back to article Back up for a minute – Backblaze HD reliability stats show oldies can be goodies

Cloud storage and backup provider Backblaze has released a comprehensive report detailing reliability statistics for the hard drives it operated during the whole of 2021, with an interesting finding on its older kit. The report leaves out boot drives (which are SSDs) and focuses on Backblaze's data drives, of which the firm …

  1. Anonymous Coward
    Anonymous Coward

    What is a "Drive Day"?

    Looks kind of fishy when one drive is listed as 80 months old and has 323,000 "Drive Days", while another dive is much younger at 14 months old, but has 11,600,000 "Drive Days".

    1. Gene Cash Silver badge

      Re: What is a "Drive Day"?

      Well, that's not a single drive... I think that's the total operating days clocked by all the drives of that model, and the age is the average age of that model.

      So if you had 5 drives of model XYZ running for a month, that'd be 150 drive-days.

      That would mean they have a shit-ton (or ass-load, depending) of the one with 11.6M drive days, and indeed, it's listed as 38K drives of that model.

  2. Quando

    It would be interesting to see if they have the volume of data read/written to/from each drive, and if that impacts reliability.

    1. andy4blaze

      Andy from Backblaze here: We collect SMART stats data at the current time on a daily basis, but none of those stats record data volume as best as I can tell, at least for hard drives. Some of the SMART stats for SSDs look like they could do that, or at least imply they could, but we'd have to dig into those numbers to see if 1) they are actually reported, and 2) they are what we think they are, and 3) how consistent they are across the myriad of SSD manufacturers, so I wouldn't get my hopes up.

      1. Denarius

        usage stats

        Andy, thanks for info. However, whatever controllers inside each Tome and run by OS should have some device usage data surely . Just using SMART seems a trifle trusting. Just asking as my own past limited experience in big arrays allowed individual device data or at least virtual device stats were extractable, eventually.

      2. Down not across

        Thank you for the statistics

        Andy, I'd just like to thank you for the data you provide (and have done for quite some time) on the drives. I find it really interesting and useful.

  3. Joe Gurman

    Do the stats distinguish....

    ....between pre-HGST acquisition and post-acquisition WDC stats? Not so long ago, WD had a reputation for some dodgy drive models. Since purchasing HGST, they've done considerably better, word-of-mouth-wise.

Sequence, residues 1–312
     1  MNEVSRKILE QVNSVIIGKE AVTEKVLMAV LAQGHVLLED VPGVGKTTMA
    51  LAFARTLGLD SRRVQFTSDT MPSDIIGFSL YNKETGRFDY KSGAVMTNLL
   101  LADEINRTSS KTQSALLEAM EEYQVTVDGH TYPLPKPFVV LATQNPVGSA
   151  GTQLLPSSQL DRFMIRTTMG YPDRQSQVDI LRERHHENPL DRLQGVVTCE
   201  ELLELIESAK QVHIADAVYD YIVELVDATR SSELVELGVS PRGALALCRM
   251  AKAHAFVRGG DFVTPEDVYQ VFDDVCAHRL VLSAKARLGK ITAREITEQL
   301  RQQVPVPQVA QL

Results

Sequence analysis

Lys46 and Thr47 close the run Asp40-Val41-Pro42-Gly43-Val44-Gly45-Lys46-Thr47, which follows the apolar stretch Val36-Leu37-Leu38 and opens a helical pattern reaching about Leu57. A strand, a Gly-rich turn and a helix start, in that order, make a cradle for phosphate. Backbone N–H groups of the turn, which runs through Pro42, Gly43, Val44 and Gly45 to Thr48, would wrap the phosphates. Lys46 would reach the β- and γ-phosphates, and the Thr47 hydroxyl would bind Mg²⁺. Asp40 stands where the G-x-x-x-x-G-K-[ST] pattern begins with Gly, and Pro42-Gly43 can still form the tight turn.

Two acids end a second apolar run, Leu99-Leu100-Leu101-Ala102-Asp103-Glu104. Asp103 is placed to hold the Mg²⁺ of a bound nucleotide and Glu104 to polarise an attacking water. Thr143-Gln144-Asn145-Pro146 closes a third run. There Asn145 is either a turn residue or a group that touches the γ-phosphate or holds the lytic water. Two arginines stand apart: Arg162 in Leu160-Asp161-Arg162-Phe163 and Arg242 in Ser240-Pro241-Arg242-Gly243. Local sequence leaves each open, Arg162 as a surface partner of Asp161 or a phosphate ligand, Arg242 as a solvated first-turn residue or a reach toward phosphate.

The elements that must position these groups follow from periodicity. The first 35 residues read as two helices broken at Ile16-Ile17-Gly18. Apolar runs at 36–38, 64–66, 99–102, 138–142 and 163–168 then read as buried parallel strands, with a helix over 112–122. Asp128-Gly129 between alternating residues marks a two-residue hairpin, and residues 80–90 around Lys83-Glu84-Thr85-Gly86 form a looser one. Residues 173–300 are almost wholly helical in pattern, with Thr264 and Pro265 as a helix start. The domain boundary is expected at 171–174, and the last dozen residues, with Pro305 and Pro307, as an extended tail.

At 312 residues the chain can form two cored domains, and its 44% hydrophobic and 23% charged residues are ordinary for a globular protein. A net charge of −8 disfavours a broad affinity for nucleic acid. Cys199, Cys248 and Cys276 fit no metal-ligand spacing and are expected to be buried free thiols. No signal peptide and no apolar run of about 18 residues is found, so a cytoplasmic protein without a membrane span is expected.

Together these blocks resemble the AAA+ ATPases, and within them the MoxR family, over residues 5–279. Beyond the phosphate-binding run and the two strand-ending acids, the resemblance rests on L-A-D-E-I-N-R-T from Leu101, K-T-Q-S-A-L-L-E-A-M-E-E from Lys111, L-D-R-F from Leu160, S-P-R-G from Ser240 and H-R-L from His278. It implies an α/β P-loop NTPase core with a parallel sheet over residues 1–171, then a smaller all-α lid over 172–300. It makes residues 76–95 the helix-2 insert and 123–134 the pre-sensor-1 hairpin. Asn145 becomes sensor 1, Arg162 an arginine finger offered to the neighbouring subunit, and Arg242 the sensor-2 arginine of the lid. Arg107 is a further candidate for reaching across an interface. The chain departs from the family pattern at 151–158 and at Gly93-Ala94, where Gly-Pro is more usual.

1. andy4blaze

      Re: Do the stats distinguish....

      Andy Klein here from Backblaze. The stats do not distinguish between pre and post acquisition, except by model number of the HGST drives starting with HMS (HGST), to HUH (shortly after the acquisition) to WUH (WD branded drives). When and how much influence WD has on the HGST team over time and vice-versa is unknown. But I will agree the recent WUH model drives are pretty HGST-esque in their reliability.

  4. elsergiovolador Silver badge

    Drives crazy

    That reminds me when I had to decompress a couple of TB of small files from a spinning drive. ETA after few hours was showing over 3 months.

    Got expedited a fresh 8TB nvme and had the files ready for processing in two hours...

  5. spireite Silver badge

    Interestingly though, Seagate models also make up a chunk of the worst AFRs.

    The bigger question is whether the AFRs are really meaningful in a real-world consumer context.

    If there is a drive with an AFR of 2%, does that mean I have a 2% chance of a failure in my machine?

    1. eldakka

      The AFR is proportional to the sum of the importance of the data and the freshness of (if any) of backups.

      That is, if the data is critical and you don't have any backups, the AFR approaches 100%.

      If the data is 'nice to have' and you did a full backup an hour ago, AFR approaches 0%.

    2. julian.smith

      Statistics is hard

      Your questions show your ignorance of statistics - one of these days you've got to get going.

      1. Anonymous Coward
        Anonymous Coward

        Re: Statistics is hard

        "Your questions show your ignorance"

        Now that's perceptive! Duh, questions are indeed triggered by ignorance in some specific matter, aren't they?...

        But, most importantly, they are fueled by the commendable desire to fix this ignorance. They are not meant as a means for the self-righteous bullies to signal their blinding superiority.

        People asking a honest question, no matter how stupid it might sound to you, should be respected, there are plenty of domains you yourself are the stupid ignoramus to be made fun of.

        (I'm not the OP BTW)

  6. Empty1

    publishing data

    Plus brownie points for publishing what many would say was commercially sensitive data.

    Plus more brownie points for responding to questions publicly.

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